*Interestingly, the mechanosensitivity of the beta-catenin pathway has now been found as involved in many diverse biological contexts (Farge, Current Bioloy, 2003; Sens et al, Endocrinology, 2008; Whitehead et al, HSFPJ, 2008; Khan et al, Dev Cell, 2009; Samuel et al, Cancer Cell, 2011; Benham-Pyle, Science, 2015).

Emmanuel Farge

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  1. Fernandez-Sanchez, M. E., Brunet, T., Roper, J. C. & Farge, E. Mechanotransduction’s Impact in Animal Development, Evolution, and Tumorigenesis. Annu Rev Cell Dev Biol, doi:10.1146/annurev-cellbio-102314-112441 (2015).
  2. Fernandez-Sanchez, M. E. et al. Mechanical induction of the tumorigenic beta-catenin pathway by tumour growth pressure. Nature 523, 92-95, doi:10.1038/nature14329 (2015).
  3. Gospodarowicz, D., Greenburg, G. & Birdwell, C. R. Determination of cellular shape by the extracellular matrix and its correlation with the control of cellular growth. Cancer Res 38, 4155-4171 (1978).
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  6. Butcher, D. T., Alliston, T. & Weaver, V. M. A tense situation: forcing tumour progression. Nature reviews 9, 108-122 (2009).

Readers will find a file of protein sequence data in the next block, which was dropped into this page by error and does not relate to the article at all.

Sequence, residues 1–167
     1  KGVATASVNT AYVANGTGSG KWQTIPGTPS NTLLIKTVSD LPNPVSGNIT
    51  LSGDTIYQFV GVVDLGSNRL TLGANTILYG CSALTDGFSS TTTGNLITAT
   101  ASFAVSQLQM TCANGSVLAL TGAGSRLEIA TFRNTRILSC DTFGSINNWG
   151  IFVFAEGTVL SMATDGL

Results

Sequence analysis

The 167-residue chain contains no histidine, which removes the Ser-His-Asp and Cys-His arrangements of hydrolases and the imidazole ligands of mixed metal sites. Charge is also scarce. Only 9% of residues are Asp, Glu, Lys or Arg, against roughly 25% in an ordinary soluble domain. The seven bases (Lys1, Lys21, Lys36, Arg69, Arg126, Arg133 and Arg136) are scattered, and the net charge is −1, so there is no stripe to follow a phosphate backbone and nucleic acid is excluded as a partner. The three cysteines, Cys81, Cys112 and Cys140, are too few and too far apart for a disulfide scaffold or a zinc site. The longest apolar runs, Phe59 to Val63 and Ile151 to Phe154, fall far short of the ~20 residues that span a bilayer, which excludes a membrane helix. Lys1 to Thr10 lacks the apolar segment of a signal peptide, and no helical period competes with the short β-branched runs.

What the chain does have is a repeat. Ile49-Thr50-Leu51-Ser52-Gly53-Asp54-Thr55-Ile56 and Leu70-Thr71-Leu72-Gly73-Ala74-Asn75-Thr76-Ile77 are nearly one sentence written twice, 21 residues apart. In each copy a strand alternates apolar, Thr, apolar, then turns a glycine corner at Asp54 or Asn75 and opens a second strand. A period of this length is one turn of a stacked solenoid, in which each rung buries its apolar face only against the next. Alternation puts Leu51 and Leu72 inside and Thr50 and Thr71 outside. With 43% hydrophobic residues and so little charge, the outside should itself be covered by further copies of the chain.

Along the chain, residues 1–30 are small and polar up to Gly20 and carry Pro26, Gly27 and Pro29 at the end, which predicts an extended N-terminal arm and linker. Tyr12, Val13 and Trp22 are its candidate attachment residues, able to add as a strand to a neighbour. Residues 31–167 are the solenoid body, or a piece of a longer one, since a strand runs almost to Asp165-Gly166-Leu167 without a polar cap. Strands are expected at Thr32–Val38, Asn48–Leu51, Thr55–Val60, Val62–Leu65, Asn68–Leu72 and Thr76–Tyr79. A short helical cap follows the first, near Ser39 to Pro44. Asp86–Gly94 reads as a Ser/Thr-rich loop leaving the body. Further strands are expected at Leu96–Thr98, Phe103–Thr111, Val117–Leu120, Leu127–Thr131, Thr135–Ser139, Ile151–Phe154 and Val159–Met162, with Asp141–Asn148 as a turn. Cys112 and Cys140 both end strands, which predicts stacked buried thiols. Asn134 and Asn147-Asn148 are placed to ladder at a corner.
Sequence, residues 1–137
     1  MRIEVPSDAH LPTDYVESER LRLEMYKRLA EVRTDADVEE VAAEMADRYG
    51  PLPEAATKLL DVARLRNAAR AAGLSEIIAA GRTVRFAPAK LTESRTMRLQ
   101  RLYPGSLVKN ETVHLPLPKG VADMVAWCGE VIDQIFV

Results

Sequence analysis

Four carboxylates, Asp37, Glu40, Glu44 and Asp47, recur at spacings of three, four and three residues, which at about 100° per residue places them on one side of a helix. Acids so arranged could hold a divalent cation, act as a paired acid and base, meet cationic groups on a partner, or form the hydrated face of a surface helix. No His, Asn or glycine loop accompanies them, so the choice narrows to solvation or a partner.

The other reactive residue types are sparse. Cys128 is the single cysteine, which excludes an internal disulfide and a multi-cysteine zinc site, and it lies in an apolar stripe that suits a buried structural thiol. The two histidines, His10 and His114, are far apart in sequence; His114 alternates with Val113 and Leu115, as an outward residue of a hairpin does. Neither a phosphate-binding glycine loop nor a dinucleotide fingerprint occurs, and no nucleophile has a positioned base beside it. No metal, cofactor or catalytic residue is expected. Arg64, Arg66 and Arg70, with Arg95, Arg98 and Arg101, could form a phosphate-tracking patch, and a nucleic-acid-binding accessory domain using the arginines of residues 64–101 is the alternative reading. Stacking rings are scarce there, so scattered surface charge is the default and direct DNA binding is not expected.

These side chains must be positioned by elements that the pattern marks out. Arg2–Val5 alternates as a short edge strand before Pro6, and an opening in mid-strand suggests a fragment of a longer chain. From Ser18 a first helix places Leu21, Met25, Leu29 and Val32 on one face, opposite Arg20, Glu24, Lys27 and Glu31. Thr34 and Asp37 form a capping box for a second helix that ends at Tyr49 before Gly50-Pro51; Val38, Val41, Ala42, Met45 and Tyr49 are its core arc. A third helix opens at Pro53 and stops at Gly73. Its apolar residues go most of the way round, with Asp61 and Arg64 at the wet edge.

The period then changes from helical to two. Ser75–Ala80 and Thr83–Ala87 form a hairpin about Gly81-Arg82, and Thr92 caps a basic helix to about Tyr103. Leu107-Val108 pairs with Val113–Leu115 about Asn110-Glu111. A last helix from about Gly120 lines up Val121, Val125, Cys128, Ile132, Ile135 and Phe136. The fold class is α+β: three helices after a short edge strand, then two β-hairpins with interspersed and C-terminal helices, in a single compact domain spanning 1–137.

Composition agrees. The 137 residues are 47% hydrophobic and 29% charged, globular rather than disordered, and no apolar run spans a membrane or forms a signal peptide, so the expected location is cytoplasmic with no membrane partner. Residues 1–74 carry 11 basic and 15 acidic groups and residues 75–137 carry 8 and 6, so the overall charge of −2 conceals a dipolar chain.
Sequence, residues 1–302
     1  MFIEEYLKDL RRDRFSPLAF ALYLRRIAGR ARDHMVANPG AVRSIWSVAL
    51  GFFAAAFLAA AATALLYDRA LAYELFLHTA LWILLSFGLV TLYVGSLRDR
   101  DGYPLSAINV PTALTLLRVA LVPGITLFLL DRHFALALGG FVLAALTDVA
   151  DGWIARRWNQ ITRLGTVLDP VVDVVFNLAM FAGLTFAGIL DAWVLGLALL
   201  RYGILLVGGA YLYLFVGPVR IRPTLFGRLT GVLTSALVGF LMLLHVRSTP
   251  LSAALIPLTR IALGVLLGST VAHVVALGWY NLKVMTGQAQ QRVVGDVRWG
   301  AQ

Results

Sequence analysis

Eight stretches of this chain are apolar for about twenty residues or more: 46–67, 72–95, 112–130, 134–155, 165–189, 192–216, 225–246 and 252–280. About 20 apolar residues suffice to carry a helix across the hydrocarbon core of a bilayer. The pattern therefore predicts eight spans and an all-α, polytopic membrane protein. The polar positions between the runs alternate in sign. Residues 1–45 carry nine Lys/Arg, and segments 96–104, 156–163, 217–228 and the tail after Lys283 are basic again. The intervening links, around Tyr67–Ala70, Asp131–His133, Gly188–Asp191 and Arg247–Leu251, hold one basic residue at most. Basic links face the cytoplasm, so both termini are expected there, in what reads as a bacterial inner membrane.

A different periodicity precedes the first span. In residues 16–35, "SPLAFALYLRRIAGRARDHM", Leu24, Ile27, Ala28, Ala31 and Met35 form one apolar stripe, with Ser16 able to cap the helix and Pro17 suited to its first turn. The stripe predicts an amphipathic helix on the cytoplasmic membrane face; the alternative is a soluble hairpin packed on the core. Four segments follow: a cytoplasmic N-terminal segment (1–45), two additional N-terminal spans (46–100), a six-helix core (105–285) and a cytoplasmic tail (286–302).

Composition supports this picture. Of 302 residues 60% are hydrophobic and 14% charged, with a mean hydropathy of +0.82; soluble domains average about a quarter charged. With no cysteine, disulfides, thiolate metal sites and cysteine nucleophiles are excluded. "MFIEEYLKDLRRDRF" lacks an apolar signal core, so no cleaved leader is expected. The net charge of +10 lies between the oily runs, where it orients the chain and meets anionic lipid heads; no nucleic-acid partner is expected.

7. Rauch, C., Brunet, A. C., Deleule, J. & Farge, E. C2C12 myoblast/osteoblast transdifferentiation steps enhanced by epigenetic inhibition of BMP2 endocytosis. Am J Physiol Cell Physiol 283, C235-243, doi:10.1152/ajpcell.00234.2001 (2002).
  8. Farge, E. Mechanical induction of Twist in the Drosophila foregut/stomodeal primordium. Curr Biol 13, 1365-1377 (2003).
  9. Engler, A. J., Sen, S., Sweeney, H. L. & Discher, D. E. Matrix elasticity directs stem cell lineage specification. Cell 126, 677-689, doi:10.1016/j.cell.2006.06.044 (2006).
  10. McBeath, R., Pirone, D. M., Nelson, C. M., Bhadriraju, K. & Chen, C. S. Cell shape, cytoskeletal tension, and RhoA regulate stem cell lineage commitment. Dev Cell 6, 483-495 (2004).
  11. Desprat, N., Supatto, W., Pouille, P.-A., Beaurepaire, E. & Farge, E. Tissue deformation modulates twist expression to determine anterior midgut differentiation in Drosophila embryos. Developmental Cell 15, 470-477, doi:10.1016/j.devcel.2008.07.009 (2008).
  12. Brunet, T. et al. Evolutionary conservation of early mesoderm specification by mechanotransduction in Bilateria. Nature communications 4, doi:10.1038/ncomms3821 (2013).